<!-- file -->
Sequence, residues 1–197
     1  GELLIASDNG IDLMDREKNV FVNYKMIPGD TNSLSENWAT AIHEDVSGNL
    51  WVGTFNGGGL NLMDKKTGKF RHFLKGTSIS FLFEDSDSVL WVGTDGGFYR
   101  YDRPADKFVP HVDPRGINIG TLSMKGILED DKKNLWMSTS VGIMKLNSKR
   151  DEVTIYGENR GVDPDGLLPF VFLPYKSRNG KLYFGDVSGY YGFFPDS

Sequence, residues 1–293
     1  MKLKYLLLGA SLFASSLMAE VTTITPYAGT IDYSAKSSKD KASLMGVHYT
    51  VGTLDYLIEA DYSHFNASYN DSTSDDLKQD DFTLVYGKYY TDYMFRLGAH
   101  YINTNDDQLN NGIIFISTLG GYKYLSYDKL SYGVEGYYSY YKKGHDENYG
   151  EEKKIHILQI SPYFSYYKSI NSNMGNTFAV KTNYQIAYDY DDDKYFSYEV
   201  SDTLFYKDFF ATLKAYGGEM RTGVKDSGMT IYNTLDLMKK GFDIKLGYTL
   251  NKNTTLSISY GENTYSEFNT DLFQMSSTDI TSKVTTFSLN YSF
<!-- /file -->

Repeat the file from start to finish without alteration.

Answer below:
Sequence, residues 1–197
     1  GELLIASDNG IDLMDREKNV FVNYKMIPGD TNSLSENWAT AIHEDVSGNL
    51  WVGTFNGGGL NLMDKKTGKF RHFLKGTSIS FLFEDSDSVL WVGTDGGFYR
   101  YDRPADKFVP HVDPRGINIG TLSMKGILED DKKNLWMSTS VGIMKLNSKR
   151  DEVTIYGENR GVDPDGLLPF VFLPYKSRNG KLYFGDVSGY YGFFPDS

Sequence, residues 1–293
     1  MKLKYLLLGA SLFASSLMAE VTTITPYAGT IDYSAKSSKD KASLMGVHYT
    51  VGTLDYLIEA DYSHFNASYN DSTSDDLKQD DFTLVYGKYY TDYMFRLGAH
   101  YINTNDDQLN NGIIFISTLG GYKYLSYDKL SYGVEGYYSY YKKGHDENYG
   151  EEKKIHILQI SPYFSYYKSI NSNMGNTFAV KTNYQIAYDY DDDKYFSYEV
   201  SDTLFYKDFF ATLKAYGGEM RTGVKDSGMT IYNTLDLMKK GFDIKLGYTL
   251  NKNTTLSISY GENTYSEFNT DLFQMSSTDI TSKVTTFSLN YSF